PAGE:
Autonomous vehicles are likely to spread in niche markets before they become popular in the broader consumer market. The initial cost of automated cars will be high, due to the addition of cameras, sensors, lasers, and artificial intelligence systems, therefore precluding adoption by the typical consumer. Rather, businesses and niche areas are positioned to be the early adopters. The most likely adopters include those with an interest in ride-sharing cars, buses, taxis, trucks, delivery vehicles, transport vehicles for senior citizens and the disabled, and industrial applications.

Ride-sharing companies are very interested in autonomous vehicles. They see advantages in terms of customer service and labor productivity. All of the major ride-sharing companies are exploring driverless cars. The surge of car sharing and taxi services such as Uber and Lyft in the United States, Daimler’s Mytaxi and Hailo services in Europe, and Didi Chuxing in China demonstrate the viability of this transportation option.

Delivery vehicles and “platoon” trucks traveling together represent another area likely to see quick adoption of autonomous vehicles. Purchases through online platforms and e-commerce sites are rising rapidly, and this has been a boon to home delivery firms. People want to order things electronically and get them delivered within hours.

Benefits of autonomous vehicles

Highway deaths are a major problem around the world. In the United States, an estimated 35,000 people die in auto accidents each year. Worldwide, according to the World Health Organization, 1.24 million people die annually due to highway accidents. It is estimated that traffic fatalities cost $260 billion each year and that accident injuries account for another $365 billion. This represents a total of $625 billion annually from highway fatalities and injuries.

According to a RAND study, “39 percent of the crash fatalities in 2011 involved alcohol use by one of the drivers.” This is an area where autonomous vehicles almost certainly will produce major gains in terms of lives saved and injuries avoided. Around 94 percent of U.S. vehicular accidents involve human error, and therefore are potentially avoidable.

Traffic congestion is a problem in virtually every large metropolitan area. In the United States, for example, drivers spend an average of 40 hours stuck in traffic, at an annual cost of $121 billion. Research by Donald Shoup has found that up to 30 percent of the traffic in metropolitan areas is due to drivers circling business districts in order to find a near-by parking space. That represents a major source of traffic congestion, air pollution, and environmental degradation. Cars are thought to be responsible for “approximately 30% of the carbon dioxide (CO2) emissions behind climate change.”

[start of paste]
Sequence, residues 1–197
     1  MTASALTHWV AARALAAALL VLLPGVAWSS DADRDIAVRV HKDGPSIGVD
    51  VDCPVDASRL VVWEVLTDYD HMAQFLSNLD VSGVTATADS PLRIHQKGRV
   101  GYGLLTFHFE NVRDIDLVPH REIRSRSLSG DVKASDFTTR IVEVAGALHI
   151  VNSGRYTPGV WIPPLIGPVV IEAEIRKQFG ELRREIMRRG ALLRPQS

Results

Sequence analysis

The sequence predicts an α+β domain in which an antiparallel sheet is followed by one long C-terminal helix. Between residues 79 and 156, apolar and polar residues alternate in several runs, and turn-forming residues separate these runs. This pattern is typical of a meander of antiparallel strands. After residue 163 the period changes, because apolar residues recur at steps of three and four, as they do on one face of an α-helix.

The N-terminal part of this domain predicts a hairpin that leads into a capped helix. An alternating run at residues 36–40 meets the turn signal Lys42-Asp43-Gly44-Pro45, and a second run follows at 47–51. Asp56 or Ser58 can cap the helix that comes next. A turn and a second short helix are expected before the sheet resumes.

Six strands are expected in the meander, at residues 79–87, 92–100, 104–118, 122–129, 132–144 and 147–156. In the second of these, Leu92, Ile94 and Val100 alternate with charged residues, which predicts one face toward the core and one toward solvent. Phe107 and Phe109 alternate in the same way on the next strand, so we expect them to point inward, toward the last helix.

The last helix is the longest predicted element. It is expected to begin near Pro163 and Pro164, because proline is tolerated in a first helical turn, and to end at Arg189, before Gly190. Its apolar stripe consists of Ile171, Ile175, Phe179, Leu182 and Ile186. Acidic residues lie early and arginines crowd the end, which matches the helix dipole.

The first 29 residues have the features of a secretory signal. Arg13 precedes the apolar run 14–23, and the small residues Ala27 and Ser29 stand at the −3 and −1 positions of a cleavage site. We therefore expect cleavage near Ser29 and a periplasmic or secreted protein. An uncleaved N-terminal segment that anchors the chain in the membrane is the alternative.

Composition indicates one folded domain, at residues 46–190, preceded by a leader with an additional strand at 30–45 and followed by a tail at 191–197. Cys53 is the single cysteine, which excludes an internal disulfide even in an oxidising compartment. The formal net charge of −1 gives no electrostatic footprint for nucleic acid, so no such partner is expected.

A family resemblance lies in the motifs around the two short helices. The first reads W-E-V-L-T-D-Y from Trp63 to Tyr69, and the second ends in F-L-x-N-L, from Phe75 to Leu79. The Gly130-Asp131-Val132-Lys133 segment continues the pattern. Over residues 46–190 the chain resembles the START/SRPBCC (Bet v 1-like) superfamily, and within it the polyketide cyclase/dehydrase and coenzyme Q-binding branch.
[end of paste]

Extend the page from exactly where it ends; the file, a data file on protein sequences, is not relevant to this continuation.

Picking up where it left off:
Autonomous vehicles can save on fuel and provide benefits for the environment as a whole.

Automobiles are major contributors to poor quality air. According to a RAND study, “AV [autonomous vehicle] technology can improve fuel economy, improving it by 4-10 percent by accelerating and decelerating more smoothly than a human driver.” Since smog in industrial areas is linked to the number of vehicles, having more autonomous cars is likely to reduce air pollution. A 2016 research study estimated that “pollution levels inside cars at red lights or in traffic jams are up to 40 percent higher than when traffic is moving.”

Needed actions

The biggest U.S. challenge is overcoming the fragmentation of 50 state governments and implementing uniform guidelines across geographic boundaries. Public officials should address questions such as who will regulate autonomous vehicle technology and how will it be regulated and issues such as legal liability, privacy, and data collection.

Provide guidelines for the states

Right now, there are few agreed-upon technical standards and a hodgepodge of regulation at the state government levels. Industry officials have to deal with 50 sets of state rules that can differ dramatically. According to Chris Urmson, formerly of Google, “in the past two years, 23 states have introduced 53 pieces of legislation that affect self-driving cars – all of which include different approaches and concepts. Five states have passed such legislation, and – although all were intended to assist the development of the technology in the state – none of those laws feature common definitions, licensing structures or sets of expectations for what manufacturers should be doing.” All of this complicates the task of car developers who need a more unified approach. Companies can’t design cars for Texas that won’t operate in Illinois, Florida, or New York.